If you have any questions about the politics of Venezuela, give us a call. The number here is 800-989-8255. The email address is And you can join the conversation at our website. Go to and click on TALK OF THE NATION. Joining me now to talk about the legacy of President Hugo Chavez is Julia Sweig. She is a senior fellow and director of Latin American studies at the Council on Foreign Relations. She wrote a piece with The Atlantic last month called “What Hugo Chavez Built: The Legacy of Latin-American ‘Chavismo.'” She joins us by phone from Calistoga, California. Good to have with you, Julia.

JULIA SWEIG: Great to be here, Lynn. Thank you.

NEARY: Now, in that piece in The Atlantic, you said that early in his presidency, Chavez remarked that he saw himself as a transitional figure in Venezuelan history. What did he mean by that, a transitional figure?

SWEIG: Well, what I surmised at that time, that he meant, is that his objectives in Venezuela to really overhaul the political and economic status quo would require a very long time, and that there was no possibility that one person alone could accomplish his very, very ambitious goals, that the Venezuela he inherited from the ancient regime, if you will, had deep, deep social and political and economic cleavages. And that to redress those, he was but a flicker on the historical screen. I’m not sure, 10 years later, he would have described himself as a transitional figure in Venezuelan history, but I actually see him that way as well.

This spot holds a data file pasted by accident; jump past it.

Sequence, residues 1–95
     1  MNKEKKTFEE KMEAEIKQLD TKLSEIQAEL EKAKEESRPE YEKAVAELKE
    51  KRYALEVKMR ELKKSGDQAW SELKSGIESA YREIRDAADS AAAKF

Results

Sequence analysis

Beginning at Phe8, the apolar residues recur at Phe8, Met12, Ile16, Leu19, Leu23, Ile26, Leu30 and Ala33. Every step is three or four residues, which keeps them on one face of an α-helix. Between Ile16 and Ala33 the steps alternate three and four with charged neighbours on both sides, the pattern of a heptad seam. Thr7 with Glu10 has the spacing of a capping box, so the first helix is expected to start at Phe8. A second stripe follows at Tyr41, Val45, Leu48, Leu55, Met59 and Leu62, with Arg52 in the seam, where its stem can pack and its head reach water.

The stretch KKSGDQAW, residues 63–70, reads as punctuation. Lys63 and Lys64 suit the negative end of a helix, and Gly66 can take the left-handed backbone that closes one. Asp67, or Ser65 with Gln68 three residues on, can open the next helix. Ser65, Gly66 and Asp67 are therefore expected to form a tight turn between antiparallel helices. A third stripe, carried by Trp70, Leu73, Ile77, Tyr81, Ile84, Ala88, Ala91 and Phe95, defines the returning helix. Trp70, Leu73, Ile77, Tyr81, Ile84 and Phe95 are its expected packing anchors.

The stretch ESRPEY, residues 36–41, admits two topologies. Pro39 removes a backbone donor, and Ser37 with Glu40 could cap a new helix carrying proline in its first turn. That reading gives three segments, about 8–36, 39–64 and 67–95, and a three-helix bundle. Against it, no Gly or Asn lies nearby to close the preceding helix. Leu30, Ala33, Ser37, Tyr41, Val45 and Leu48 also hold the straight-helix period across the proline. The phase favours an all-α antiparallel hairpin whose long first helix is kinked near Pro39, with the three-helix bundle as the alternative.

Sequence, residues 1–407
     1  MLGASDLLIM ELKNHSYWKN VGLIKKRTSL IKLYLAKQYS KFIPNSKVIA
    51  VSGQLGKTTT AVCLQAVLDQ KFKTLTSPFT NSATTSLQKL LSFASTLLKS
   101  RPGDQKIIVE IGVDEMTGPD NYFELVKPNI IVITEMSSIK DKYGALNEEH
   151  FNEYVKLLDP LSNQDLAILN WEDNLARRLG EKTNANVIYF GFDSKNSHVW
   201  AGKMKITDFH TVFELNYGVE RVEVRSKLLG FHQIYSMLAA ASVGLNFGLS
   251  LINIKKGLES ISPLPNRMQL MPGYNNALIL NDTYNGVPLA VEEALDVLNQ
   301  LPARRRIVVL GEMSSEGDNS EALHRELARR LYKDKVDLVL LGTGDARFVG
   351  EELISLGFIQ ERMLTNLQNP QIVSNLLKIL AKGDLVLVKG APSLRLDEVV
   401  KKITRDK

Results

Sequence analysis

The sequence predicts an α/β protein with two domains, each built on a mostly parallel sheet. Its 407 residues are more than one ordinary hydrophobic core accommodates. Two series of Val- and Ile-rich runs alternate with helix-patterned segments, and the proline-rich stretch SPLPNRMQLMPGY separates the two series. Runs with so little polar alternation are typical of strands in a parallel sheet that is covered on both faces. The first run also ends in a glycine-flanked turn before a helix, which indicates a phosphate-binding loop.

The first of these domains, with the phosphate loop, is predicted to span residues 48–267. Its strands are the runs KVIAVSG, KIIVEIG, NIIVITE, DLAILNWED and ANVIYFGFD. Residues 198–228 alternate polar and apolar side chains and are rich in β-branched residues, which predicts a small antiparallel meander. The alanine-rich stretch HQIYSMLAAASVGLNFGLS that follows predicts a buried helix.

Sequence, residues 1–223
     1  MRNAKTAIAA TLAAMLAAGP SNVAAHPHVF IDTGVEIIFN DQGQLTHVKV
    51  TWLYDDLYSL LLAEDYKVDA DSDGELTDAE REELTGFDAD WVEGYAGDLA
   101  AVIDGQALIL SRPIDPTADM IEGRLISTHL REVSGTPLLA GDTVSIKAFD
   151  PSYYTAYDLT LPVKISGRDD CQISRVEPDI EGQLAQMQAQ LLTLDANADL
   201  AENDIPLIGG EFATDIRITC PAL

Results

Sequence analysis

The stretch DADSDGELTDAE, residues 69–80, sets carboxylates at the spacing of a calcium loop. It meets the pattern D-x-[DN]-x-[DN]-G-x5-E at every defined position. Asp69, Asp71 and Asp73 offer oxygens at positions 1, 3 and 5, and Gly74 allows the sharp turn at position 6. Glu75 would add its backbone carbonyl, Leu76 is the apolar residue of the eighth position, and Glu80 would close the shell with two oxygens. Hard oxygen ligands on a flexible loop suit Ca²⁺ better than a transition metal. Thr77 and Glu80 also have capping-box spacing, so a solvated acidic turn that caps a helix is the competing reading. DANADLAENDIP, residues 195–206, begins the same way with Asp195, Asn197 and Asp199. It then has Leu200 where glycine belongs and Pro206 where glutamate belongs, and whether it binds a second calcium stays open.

NEARY: Now, he had a very strong political and very personal relationship with Cuba’s Fidel Castro. Tell us about that.

SWEIG: Yes, he absolutely did, and it goes back to the early 1990s. In 1992, after Lieutenant Colonel Hugo Chavez staged a failed coup himself, he traveled to Cuba and he developed there, with Fidel, a very close and long-standing strategic conversation and then political relationship once he took power in 1999. Fidel Castro, to my mind, saw in Chavez a way to prolong his own legacy and ambition in Latin America as an anti-imperialist, as a revolutionary, albeit in a very different context than when Fidel himself took up that mantle in the 1960s. And they really had a mind meld, of sorts, if you wish, which continued up until; I’m sure, their last goodbye, last week, before Chavez returned from Havana.